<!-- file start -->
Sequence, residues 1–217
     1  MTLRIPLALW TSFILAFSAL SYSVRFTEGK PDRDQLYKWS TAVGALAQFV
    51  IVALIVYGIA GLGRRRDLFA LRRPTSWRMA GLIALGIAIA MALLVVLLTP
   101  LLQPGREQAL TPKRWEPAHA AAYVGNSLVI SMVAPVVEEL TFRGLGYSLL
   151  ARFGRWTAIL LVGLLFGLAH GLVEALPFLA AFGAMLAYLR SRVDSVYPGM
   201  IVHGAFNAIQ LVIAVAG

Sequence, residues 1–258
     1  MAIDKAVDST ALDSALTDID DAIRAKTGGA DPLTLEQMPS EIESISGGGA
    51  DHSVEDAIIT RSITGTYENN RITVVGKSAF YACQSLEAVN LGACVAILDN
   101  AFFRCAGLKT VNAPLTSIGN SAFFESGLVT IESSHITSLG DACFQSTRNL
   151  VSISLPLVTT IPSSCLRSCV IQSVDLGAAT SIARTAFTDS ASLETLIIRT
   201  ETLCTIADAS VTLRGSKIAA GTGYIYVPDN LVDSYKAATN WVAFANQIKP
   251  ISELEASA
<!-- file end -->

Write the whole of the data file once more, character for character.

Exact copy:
Sequence, residues 1–217
     1  MTLRIPLALW TSFILAFSAL SYSVRFTEGK PDRDQLYKWS TAVGALAQFV
    51  IVALIVYGIA GLGRRRDLFA LRRPTSWRMA GLIALGIAIA MALLVVLLTP
   101  LLQPGREQAL TPKRWEPAHA AAYVGNSLVI SMVAPVVEEL TFRGLGYSLL
   151  ARFGRWTAIL LVGLLFGLAH GLVEALPFLA AFGAMLAYLR SRVDSVYPGM
   201  IVHGAFNAIQ LVIAVAG

Sequence, residues 1–258
     1  MAIDKAVDST ALDSALTDID DAIRAKTGGA DPLTLEQMPS EIESISGGGA
    51  DHSVEDAIIT RSITGTYENN RITVVGKSAF YACQSLEAVN LGACVAILDN
   101  AFFRCAGLKT VNAPLTSIGN SAFFESGLVT IESSHITSLG DACFQSTRNL
   151  VSISLPLVTT IPSSCLRSCV IQSVDLGAAT SIARTAFTDS ASLETLIIRT
   201  ETLCTIADAS VTLRGSKIAA GTGYIYVPDN LVDSYKAATN WVAFANQIKP
   251  ISELEASA